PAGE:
SEC Staff Again Focuses on Principal and Cross Trades In Latest Risk Alert

Practus LLPLegal Insights

international cross trades map

Authored by Karen A. Aspinall

international cross trades map

On July 21, 2021, the Division of Examinations issued a new Risk Alert – Observations Regarding Fixed Income Principal and Cross Trades by Investment Advisers1 from an Examination Initiative.  This is a follow-up to a Risk Alert issued in September 2019,2 which highlighted the most common compliance issues observed by the staff related to principal and agency cross trades under the Investment Advisers Act of 1940.  The new Risk Alert specifically focuses on compliance issues discovered in examinations of advisers who engage in cross trades, principal trades or both in fixed income securities.  

Following is a summary of the staff’s findings from its latest exams in these areas.  If you have not re-reviewed your practices in a while and would like to talk through the requirements and the associated SEC staff expectations, please feel free to contact me at karen.aspinall@practus.com or (949) 629-3928.  The Risk Alert provides a great overview of what is expected of advisers however, each firm and compliance program is different.  Therefore, discussing your firm’s practices, policies and procedures, disclosures and testing with an expert can provide another viewpoint for potential enhancements.  The exam staff will certainly expect advisers to be compliant in these areas in the future, particularly after issuing two Risk Alerts on these important topics.

The staff observed the following issues as part of its examination reviews:

  1. Compliance Programs – over half of the deficiencies involved inadequate policies and procedures. 
    • Policies and procedures were inconsistent with the adviser’s practices, disclosure requirements or regulatory requirements (e.g., policies prohibited principal trades, cross trades or both when such trades were in fact executed; policies required advance written consent when no such consent was obtained; and policies required disclosures to clients participating in the transactions and such disclosures were not made in a timely manner).
    • Policies and procedures lacked certain considerations or guidance to give personnel the full scope of information to comply with the applicable requirements (e.g., ERISA prohibitions on certain practices were not communicated; policies did not provide guidance on the appropriate prices to use for cross trades; and policies did not provide applicable best interest guidance). 
    • Policies and procedures were not effectively tested.  For example, certain firms did not test their compliance policies against the firm’s trade blotter and therefore did not know that transactions that were prohibited had occurred.
  2. Conflicts of Interest – as we all have seen, the SEC has been very vocal about advisers ensuring that conflicts are adequately identified, disclosed and mitigated (remember – you can’t use the word “may” to describe a conflict that in fact exists).  The staff in its exams observed situations where conflicts existed in these transactions that were not identified, disclosed, mitigated, or otherwise addressed by a firm’s compliance program.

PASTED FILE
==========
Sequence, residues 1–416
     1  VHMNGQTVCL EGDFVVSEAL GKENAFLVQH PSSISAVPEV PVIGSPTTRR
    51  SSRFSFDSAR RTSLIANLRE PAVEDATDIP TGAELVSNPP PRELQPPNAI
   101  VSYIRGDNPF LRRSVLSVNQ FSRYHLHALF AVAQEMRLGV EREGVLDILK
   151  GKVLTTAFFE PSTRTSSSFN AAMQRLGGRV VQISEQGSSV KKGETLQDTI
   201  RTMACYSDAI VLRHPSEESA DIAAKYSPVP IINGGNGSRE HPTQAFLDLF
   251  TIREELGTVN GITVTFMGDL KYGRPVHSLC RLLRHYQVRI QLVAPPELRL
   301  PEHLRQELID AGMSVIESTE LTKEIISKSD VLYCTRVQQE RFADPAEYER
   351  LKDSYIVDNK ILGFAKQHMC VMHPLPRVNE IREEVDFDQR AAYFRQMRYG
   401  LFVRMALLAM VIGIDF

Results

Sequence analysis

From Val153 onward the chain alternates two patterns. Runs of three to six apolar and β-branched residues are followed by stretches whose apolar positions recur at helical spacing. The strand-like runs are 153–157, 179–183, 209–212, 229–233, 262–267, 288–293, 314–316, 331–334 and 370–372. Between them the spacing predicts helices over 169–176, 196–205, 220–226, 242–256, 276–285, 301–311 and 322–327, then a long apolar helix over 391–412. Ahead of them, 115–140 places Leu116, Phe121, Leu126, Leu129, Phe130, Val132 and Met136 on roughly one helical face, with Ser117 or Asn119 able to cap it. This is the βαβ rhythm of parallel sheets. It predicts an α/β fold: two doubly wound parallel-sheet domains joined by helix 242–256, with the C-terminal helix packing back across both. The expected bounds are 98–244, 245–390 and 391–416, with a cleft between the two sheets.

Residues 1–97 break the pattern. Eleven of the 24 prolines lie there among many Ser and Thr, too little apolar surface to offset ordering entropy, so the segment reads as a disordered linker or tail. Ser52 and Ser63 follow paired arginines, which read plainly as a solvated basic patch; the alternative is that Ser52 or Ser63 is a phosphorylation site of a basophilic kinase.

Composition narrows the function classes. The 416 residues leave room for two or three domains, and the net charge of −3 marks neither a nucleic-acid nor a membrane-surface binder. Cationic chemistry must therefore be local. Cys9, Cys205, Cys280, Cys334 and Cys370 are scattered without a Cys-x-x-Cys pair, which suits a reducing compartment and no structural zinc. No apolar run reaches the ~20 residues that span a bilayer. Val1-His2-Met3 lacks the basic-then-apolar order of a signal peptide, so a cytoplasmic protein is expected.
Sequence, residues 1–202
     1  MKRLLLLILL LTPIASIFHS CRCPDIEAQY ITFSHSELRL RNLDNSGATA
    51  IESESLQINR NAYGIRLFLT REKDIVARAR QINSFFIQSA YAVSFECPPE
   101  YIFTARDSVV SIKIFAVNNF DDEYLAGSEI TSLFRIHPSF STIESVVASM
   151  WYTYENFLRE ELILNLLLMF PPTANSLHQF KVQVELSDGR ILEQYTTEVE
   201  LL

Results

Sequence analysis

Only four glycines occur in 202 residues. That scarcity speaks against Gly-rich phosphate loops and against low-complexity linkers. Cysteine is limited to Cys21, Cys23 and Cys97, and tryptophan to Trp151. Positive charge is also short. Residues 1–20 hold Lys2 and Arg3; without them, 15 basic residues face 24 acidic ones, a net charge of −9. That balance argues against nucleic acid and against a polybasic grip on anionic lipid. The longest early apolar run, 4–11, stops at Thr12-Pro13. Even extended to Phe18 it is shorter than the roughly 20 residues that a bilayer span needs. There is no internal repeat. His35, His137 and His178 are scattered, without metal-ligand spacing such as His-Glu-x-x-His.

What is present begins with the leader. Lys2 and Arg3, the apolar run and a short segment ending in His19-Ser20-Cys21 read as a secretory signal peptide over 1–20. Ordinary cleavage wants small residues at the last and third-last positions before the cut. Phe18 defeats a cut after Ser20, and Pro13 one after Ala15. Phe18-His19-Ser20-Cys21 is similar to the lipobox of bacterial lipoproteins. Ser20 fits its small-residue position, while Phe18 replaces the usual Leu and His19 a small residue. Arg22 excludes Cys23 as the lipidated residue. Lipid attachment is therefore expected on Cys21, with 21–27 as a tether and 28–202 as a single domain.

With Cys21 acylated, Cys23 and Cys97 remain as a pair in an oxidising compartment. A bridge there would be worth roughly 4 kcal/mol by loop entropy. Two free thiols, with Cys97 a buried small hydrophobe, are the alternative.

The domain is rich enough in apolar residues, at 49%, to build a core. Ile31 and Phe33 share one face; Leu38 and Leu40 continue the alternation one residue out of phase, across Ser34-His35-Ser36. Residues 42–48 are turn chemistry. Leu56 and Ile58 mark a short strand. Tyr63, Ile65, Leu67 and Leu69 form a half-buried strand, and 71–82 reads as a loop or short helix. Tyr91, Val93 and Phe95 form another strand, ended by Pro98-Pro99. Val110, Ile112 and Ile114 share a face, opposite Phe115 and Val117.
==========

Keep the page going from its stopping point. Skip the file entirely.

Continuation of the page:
• The staff observed situations where cross trades were not executed at independent market prices, which, in the staff’s view, resulted in certain clients receiving an unfair price for the securities.
    • Fixed income transactions are subject to markups or other fees and in some cases the staff observed that these costs were not fully disclosed.
  3. Written Disclosures – over one third of the deficiencies related to deficient disclosures (omissions of relevant information; no conflicts disclosure; or lack of disclosures in other client documents).

There is actually very good news when it comes to the deficiencies described in the Risk Alert.  All of the deficiencies are reminders of what is required and what the SEC staff expects when they review your firm’s principal and/or cross trade practices.  Moreover, each of the deficiencies are all correctable but most importantly legal and compliance officers must understand the business and what the business is doing.  Only then can you adequately develop and implement your policies and procedures, make appropriate disclosures, and monitor and test those practices.

About the Author

karen aspinall practus attorney and partnerKaren A. Aspinall is a Financial Services Partner at Practus LLP.  She brings a wealth of experience and a solutions-oriented approach to our legal team as an authority on regulatory compliance matters involving SEC, DOL, NFA and CFTC matters.  Karen’s practical experience and pragmatic approach to problem solving are valuable for clients who are looking to navigate the complex and ever-changing regulatory landscape.

 

 

Article Footnotes

  1.  The Risk Alert is available at: fixed-income-principal-and-cross-trades-risk-alert.pdf (sec.gov)
  2.  The September 2019 Risk Alert is available at: OCIE Risk Alert – Principal and Agency Cross Trading.pdf (sec.gov)

Practus, LLP provides this information as a service to clients and others for educational purposes only. It should not be construed or relied on as legal advice or to create an attorney-client relationship. Readers should not act upon this information without seeking advice from professional advisers.